FACTS AND STATS
Contest winner: 5th grader
Prize: 6 hours of organizing over two sessions (3 1/2 hours + 2 1/2 hours); organizing products valued at $100; a Time Timer courtesy of Time Timer.
Donations: 1 bag of items
Trash: 5 shopping bags of paper recycling; 1 trash bag of trash
For more information about the organizing process (including additional before/after photos):
Part 1: Witness relocation box
Part 2: Labeled drawer system
Part 3: Magazine file folders
Part 4: Clothes and the closet
Part 5: Don’t trash my memories!
Part 6: Ingenious upcycled jewelry organizer
Part 7: Making time for organizing
Photo credits: © Paula Berman Organizing; Winning entry photo used with permission
Wouldn’t it be lovely if you could give your children/spouse/partner a “look” and they would immediately know that they need to tidy up their room, take out the trash, unpack the dishwasher, put their clothes in the laundry hamper, etc. And, the cherry on top, wouldn’t it be lovely if they did a really great job each time without your having to complete the process when clothes, for example, make it on to the floor next to the laundry hamper…
Remember: Your family members are not psychic! If you would like them to do something:
- give yourself permission to ask for help
- delegate tasks
- discuss how each task needs to be done
- discuss when each task needs to be done
- show them how to do the task if they don’t know where or how to start
Yes, they will probably need reinforcement, encouragement, and help, but at some point they will (hopefully!) become self-reliant and self-sufficient.
Photo credit: © Paula Berman Organizing
Routines are repeated actions that have to be done on a daily basis. These actions usually, but not always, have to be followed in a sequence. Examples of routines include:
- morning routines (wake up, get dressed, eat breakfast, brush teeth, put school lunch in backpack), and
- evening routines (eat dinner, bath, put on pajamas, brush teeth, read a story).
Routines are comforting to children – they begin to internalize what needs to be done and what is expected of them.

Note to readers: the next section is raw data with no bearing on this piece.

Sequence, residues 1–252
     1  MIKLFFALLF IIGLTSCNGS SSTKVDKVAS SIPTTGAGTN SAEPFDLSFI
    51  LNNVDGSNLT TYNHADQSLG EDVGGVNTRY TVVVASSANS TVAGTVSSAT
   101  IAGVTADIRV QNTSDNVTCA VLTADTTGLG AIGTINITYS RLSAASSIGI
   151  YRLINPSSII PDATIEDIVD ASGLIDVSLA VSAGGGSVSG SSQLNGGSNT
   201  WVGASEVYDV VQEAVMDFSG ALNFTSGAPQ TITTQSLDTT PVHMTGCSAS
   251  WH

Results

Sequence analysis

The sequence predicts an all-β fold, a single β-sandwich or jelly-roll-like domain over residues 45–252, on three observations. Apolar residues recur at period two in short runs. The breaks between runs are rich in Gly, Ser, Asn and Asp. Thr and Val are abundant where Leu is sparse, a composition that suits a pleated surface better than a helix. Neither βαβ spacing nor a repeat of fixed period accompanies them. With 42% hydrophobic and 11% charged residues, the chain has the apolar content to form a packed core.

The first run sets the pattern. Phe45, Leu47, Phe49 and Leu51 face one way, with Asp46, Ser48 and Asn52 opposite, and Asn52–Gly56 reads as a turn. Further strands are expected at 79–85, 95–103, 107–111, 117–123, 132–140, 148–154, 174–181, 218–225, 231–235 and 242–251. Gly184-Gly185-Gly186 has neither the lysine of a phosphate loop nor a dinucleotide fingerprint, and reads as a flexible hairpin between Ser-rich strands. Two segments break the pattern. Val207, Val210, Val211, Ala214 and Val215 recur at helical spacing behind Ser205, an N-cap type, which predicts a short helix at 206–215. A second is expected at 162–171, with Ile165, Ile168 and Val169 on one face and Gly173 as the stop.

Challenge: Many children understand what is expected of them, but they cannot remember all the required steps. Time eludes them and what should take five minutes ends up taking 25 minutes and tasks are often not successfully completed.
Solution: Use the Time Timer PLUS in conjunction with a mini routine binder.
When children’s to-do checklists are not located in the room where they are doing each task, it is difficult for them to know what to do next in their routines. They have to constantly return to where the checklist is located, which essentially wastes time. And more often than not, children get distracted on their way to review their checklists. The Time Timer PLUS in combination with a portable mini binder solves this problem.
You will need:
- Time Timer PLUS
- mini binder
- sheet protectors
- photos/pictures representing each task that has to be completed (a page for every task)
The advantages of these two time-management systems are that they are both:
- visual, and
© Images: mini binder courtesy of Paula Berman Organizing; Time Timer PLUS courtesy of Time Timer.
I like to keep things simple. The most efficient organizing system doesn’t have to be decked out with bells and whistles. In our home, we use the following two systems:
- Hanging folder system: schoolwork and artwork
- Binder system: school photos (including team sport photos) and report cards
- Gather ALL schoolwork and school-related paperwork/photos in one place: artwork, projects, worksheets, tests, official school photos, sports photos, report cards, etc. You need to see the volume of items in their entirety.
- Presort the schoolwork/artwork into categories before you involve your children in making choices (that is IF you want your children involved): drawings, written work, tests, 3D projects, photos, etc.
- Set a limit for the number of items you/your child can keep from each category once you have seen how many items are in each group.
Hanging folder system: schoolwork and artwork
- a mobile hanging file box that will accommodate work from K-12 (hanging folders to the right and space for small 3D artwork to the left)
- hanging folders or box bottom hanging folders (a hanging folder for each grade)
Binder system: school photos (including team sport photos) and report cards
Supply list for large posters
- vertical gift wrap organizer: extra tall posters that need to be rolled up
- rubber bands
Photo credits: © Paula Berman Organizing
I was lugging Costco groceries into my home the other day when the home phone started ringing (yes, I’m old fashioned that way… I still have a home phone). It was one of my sisters.
Me: Just lugging the Costco groceries into the house.
Sister: Urg! Worst job in the world!
I started laughing. I had been creating a mental list of “worst jobs in the world” earlier on in the day. These included: getting carpets cleaned; washing slipcovers; defrosting the freezer; packing nutritious school lunches that the kids will actually eat; cutting down boxes into 12-inch squares for recycling… the list was starting to seem endless. And then I remembered something that an audience member at one of my presentations had said: “My mom always used to tell me that I should think about how lucky I am to be able to buy food for my family, to have a washing machine (and not have to hand wash!), and have the opportunity to make for food for my family because one day when everyone has left home, I’m going to wish that I had my family around to share meals with and have a child sit on the sofa and share a cup of tea and a chat.”
And so I adjusted my attitude and got on with my day… those Costco groceries were not going to unpack themselves.
Image courtesy of xedos4 / FreeDigitalPhotos.net